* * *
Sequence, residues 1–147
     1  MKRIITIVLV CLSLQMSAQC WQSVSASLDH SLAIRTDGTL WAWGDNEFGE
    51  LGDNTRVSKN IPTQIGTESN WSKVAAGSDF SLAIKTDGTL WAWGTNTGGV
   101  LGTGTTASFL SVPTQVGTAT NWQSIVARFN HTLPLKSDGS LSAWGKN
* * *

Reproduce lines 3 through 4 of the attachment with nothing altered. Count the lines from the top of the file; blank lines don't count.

    51  LGDNTRVSKN IPTQIGTESN WSKVAAGSDF SLAIKTDGTL WAWGTNTGGV
   101  LGTGTTASFL SVPTQVGTAT NWQSIVARFN HTLPLKSDGS LSAWGKN